If you’ve just started a business and you’re wondering how to use small business social networking sites like Twitter and Facebook, you’re not alone. There are right ways, wrong ways, and ways that are a waste of time.
Any time you’re online you notice those little blue “F’s” on every site. Even the biggest companies like Microsoft have pages littered with the blue F. (You would think they could make their own version of Facebook, wouldn’t you?)
Here’s what you should rememnber about small business social networking: Don’t allow your new small business to be pulled in to Facebook or Twitter simply because everybody else does it. You need to have a plan if you’re going to use it.
Think about the last time you went to a professional sporting event, concert, or something else where tens of thousands of people were packed in to a small area. While there were enough individuals to populate a small town, how many individuals did you truly see? You saw the handful that sat around you but beyond that, probably very few.
That is the problem with small business social networking. Everybody does it but very few businesses stand out. The better way to use these sites is to fist make an impact on people you know or the community around you. Start a personal Facebook page. “Friend” some people you know and strike up some conversations.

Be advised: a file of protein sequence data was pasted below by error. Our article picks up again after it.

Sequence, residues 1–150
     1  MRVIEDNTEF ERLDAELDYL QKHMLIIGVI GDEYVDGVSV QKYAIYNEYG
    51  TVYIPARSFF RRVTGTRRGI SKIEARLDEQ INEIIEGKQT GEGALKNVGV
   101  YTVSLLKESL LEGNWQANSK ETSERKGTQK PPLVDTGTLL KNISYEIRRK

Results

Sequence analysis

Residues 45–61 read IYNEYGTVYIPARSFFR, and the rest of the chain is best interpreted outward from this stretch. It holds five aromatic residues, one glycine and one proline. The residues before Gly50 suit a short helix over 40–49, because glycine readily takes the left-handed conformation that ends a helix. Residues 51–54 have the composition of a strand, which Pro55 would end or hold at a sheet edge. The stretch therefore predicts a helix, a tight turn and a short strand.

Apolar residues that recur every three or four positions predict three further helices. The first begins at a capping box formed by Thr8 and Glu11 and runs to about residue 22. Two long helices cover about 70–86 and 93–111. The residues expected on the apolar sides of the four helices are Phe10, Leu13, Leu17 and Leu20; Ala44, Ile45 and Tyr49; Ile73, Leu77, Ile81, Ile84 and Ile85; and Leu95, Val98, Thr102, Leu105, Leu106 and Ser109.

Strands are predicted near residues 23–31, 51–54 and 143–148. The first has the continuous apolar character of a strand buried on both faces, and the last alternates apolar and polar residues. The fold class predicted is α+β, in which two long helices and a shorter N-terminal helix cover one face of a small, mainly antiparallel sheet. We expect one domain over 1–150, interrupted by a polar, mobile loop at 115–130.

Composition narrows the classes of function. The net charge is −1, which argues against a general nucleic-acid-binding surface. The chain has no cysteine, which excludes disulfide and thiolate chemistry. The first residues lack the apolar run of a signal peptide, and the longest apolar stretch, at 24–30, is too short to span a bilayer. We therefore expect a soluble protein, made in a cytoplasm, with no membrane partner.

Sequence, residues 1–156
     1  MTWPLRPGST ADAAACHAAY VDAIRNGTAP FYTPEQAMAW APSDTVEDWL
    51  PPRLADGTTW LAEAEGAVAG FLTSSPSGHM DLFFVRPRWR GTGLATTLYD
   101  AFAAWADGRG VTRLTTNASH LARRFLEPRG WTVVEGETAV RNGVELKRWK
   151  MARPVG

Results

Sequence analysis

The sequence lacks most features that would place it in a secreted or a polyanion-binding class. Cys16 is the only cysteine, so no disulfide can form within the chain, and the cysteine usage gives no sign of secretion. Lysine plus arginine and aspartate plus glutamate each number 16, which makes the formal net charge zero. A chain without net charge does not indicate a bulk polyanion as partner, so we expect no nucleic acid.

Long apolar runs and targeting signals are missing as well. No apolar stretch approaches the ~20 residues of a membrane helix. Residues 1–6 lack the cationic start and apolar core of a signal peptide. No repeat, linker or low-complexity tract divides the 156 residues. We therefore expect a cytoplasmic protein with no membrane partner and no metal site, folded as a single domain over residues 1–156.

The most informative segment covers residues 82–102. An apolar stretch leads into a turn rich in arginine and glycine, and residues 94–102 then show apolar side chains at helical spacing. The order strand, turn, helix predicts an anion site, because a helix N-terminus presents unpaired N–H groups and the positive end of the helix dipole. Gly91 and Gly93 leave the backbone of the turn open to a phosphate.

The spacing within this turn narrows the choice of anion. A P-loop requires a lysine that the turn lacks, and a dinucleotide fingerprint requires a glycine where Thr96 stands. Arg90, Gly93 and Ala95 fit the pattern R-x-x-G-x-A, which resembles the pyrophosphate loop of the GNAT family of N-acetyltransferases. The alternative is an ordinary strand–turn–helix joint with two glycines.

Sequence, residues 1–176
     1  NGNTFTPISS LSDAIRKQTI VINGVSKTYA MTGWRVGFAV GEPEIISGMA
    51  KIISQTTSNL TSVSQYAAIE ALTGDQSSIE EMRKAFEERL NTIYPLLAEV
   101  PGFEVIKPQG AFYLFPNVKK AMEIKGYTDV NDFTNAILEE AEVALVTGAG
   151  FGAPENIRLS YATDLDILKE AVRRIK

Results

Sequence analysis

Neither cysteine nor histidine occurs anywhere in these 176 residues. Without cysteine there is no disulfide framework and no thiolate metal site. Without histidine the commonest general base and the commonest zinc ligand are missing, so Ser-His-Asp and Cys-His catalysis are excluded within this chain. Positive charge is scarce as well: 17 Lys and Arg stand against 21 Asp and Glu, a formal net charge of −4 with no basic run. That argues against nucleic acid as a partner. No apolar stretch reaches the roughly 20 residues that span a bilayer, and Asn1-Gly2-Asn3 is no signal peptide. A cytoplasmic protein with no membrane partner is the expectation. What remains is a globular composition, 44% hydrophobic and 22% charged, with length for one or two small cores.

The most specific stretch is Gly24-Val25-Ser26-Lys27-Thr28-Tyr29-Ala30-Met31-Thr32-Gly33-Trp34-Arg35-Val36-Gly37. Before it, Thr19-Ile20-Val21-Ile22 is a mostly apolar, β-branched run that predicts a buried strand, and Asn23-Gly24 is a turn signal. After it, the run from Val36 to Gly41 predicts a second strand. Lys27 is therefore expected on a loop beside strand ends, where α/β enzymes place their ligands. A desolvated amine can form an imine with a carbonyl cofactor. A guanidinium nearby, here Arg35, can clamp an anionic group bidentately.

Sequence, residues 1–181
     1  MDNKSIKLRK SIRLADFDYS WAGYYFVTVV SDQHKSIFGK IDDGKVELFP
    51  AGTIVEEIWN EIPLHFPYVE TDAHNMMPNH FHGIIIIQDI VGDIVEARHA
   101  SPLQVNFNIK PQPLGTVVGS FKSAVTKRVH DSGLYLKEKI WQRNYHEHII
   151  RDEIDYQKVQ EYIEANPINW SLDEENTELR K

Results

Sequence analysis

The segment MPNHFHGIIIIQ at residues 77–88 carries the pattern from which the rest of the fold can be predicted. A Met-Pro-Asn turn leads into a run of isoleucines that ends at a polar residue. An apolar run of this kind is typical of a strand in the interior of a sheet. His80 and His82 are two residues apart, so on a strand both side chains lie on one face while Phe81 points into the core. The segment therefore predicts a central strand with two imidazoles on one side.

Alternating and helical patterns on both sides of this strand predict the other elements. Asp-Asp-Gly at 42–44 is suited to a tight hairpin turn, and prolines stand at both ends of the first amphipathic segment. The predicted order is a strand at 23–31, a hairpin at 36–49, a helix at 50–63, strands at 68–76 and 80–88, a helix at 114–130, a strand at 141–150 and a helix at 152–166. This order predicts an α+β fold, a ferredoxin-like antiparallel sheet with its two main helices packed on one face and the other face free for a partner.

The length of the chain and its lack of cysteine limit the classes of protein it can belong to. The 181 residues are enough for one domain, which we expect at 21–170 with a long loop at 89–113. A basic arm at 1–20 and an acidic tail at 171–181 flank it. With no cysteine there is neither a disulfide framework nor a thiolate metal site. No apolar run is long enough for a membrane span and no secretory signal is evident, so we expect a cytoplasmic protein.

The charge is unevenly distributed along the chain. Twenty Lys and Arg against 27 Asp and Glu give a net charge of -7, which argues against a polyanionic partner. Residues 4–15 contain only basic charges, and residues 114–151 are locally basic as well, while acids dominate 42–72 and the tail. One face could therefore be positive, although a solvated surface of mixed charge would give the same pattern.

At the same time, make a page for your new business but don’t shamelessly promote it on your new “personal” facebook profile. Remember that anybody can start a business page so make sure to include any letters like “LLC” or “inc” in your business name so people know that you’re a real business. If you haven’t registered your business, do it. It’s inexpensive and it gives your business some notoriety.
Every once in a while, post an announcement on your personal facebook page about your business. “YAY…I’m all moved in to my new shop. Come say hi. I’m at (address)” This invites your friends over and promotes your business without it being a shameless advertisement. Add something to your website and other business mailings about your Facebook business page but don’t expect big results.
Communicate with your “friends” when appropriate and give them permission to tell their friends about you and that you would be happy to answer any questions they have about (your area of expertise). Tell them to send you a friend request. You don’t want to make it sound like an advertisement and any strategy like this should come from a sincere desire to help others. People can see right through less than sincere intentions.
Making a business page and expecting thousands of followers overnight isn’t realistic anymore. Using your small business social networking presence to make personal contacts will return much better results. Find ways to use Facebook to add value to potential customers. Give them something for free instead of being another one of the millions trying to make a name in the social networking world.